The two handed over this shelf company to Mr Puffet for a consideration of Sh200 million, hardly a week after the company was registered.
On November, 4, 2005, the name of the company changed to Rift Valley Railways Kenya Ltd. Mr Puffet and another South African national, Wesley Graham Kruger, were appointed directors.
According to the records, the share capital of the company was stated as Sh98,000.
At this stage, other names come into the picture, namely, RVR Investments (Pty) Ltd, an entity registered in the Republic of Mauritius, Sheltam Rail (Pty) of South Africa and Sheltam Trade CC, also of South Africa.
The shares held by Philip Kingai were transferred to Sheltam Rail Company (Pty) based in Port Elizabeth, while the shares owned by Julius Mwangi Ng’ang’a were transferred to Sheltam Trade CC.
With this multiplicity of companies in his hands, Mr Puffet was able to convince the government to sign deals with entities of doubtful financial standing.
It is noteworthy that, according to the concession agreement itself, the registration number for Rift Valley Railways Kenya is stated as C120 126.
Yet, in the files for the original company, it is given as C120 151. A mundane discrepancy? Maybe. But it serves to emphasize the point that the parties negotiating with Mr Puffet on behalf of the government did not do much of a due diligence process on the man and his companies.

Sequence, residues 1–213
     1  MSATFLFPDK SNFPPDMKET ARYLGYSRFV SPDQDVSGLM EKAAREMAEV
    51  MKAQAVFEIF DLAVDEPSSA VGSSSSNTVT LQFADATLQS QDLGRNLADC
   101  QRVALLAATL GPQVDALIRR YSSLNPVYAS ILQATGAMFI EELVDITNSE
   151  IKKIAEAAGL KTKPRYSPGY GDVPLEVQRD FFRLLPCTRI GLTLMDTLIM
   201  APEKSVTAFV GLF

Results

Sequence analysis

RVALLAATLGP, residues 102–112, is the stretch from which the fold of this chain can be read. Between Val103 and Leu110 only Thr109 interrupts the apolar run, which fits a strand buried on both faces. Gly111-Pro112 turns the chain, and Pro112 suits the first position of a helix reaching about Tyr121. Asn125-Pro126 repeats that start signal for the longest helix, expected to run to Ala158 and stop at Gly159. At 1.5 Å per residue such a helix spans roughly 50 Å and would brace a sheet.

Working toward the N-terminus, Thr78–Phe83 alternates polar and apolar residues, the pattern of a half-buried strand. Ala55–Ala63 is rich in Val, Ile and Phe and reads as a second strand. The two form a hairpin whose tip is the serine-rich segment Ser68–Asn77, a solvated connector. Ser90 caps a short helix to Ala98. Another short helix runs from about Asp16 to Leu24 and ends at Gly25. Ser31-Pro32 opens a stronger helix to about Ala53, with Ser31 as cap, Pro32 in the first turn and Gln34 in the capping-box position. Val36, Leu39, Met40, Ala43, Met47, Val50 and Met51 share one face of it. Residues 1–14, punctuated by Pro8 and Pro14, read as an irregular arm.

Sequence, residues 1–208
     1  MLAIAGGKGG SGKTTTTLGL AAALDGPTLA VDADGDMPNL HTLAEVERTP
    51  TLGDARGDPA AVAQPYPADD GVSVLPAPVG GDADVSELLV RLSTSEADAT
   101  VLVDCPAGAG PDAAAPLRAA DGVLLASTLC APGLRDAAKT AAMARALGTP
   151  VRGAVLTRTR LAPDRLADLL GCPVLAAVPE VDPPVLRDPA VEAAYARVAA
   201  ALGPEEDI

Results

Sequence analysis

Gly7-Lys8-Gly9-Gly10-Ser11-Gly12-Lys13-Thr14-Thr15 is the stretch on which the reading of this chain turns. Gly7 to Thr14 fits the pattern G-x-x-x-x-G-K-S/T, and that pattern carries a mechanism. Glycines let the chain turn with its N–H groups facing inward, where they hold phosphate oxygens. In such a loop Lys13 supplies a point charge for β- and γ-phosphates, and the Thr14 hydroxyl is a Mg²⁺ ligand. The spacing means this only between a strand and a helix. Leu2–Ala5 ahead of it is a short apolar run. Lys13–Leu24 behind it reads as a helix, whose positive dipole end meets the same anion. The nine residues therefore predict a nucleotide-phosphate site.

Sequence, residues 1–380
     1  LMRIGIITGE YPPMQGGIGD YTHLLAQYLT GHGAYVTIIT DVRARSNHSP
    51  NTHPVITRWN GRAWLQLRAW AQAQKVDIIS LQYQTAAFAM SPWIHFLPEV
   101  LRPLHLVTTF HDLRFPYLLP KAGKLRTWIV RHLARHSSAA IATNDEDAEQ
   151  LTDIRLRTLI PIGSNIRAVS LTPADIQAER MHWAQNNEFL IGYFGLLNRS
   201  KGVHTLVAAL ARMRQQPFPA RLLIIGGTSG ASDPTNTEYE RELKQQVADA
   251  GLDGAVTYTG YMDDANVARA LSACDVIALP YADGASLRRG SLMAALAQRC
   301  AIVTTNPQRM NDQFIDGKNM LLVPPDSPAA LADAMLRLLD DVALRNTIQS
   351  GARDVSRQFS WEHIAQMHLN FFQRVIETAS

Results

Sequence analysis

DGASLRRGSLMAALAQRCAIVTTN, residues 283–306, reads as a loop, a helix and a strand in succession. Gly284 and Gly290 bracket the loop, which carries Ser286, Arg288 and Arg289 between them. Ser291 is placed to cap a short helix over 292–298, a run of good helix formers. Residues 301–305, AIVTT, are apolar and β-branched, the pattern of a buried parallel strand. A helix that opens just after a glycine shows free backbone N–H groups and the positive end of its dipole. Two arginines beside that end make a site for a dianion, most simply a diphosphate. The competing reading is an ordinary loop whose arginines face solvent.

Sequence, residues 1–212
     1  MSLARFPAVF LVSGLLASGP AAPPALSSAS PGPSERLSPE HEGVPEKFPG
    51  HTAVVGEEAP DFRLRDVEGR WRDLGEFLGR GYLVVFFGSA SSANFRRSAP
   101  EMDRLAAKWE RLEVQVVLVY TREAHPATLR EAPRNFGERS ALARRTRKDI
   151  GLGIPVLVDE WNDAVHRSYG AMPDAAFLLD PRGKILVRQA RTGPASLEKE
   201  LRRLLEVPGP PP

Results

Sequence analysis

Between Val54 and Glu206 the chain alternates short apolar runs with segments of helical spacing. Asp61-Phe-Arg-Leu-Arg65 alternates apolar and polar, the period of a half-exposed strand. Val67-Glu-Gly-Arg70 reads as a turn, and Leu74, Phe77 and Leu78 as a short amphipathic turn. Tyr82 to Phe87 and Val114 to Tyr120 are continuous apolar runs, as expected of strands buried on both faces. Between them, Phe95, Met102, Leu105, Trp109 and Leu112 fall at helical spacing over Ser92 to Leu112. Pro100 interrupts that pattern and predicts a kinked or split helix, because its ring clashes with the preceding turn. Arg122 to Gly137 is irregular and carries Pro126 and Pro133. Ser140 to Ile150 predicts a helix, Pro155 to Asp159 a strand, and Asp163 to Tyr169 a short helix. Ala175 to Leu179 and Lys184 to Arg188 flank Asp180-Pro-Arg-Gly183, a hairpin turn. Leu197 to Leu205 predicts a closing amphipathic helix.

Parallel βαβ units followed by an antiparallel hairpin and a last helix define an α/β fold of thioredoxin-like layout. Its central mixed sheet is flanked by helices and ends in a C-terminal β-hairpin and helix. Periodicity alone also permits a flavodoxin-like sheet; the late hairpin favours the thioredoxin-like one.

A wily operative, the manner in which he committed negotiators of both governments to close the deal is a compelling story on the art of hard bargaining.
A few days before the day of taking over, and well aware that he did not have the $5 million he was required to cough up before moving into office, he crafted a clever scheme that enabled him to outmanoeuvre government negotiators and their advisers.
He carried on as if he was prepared and ready to meet all requirements until the very last minute, and thus cornered the government at a point where cancelling the deal would not have been a politically feasible option.
Mr Puffet’s game was implemented to precision. Up to the very last day, he gave no indication to the government that he did not have the money for the entry fees.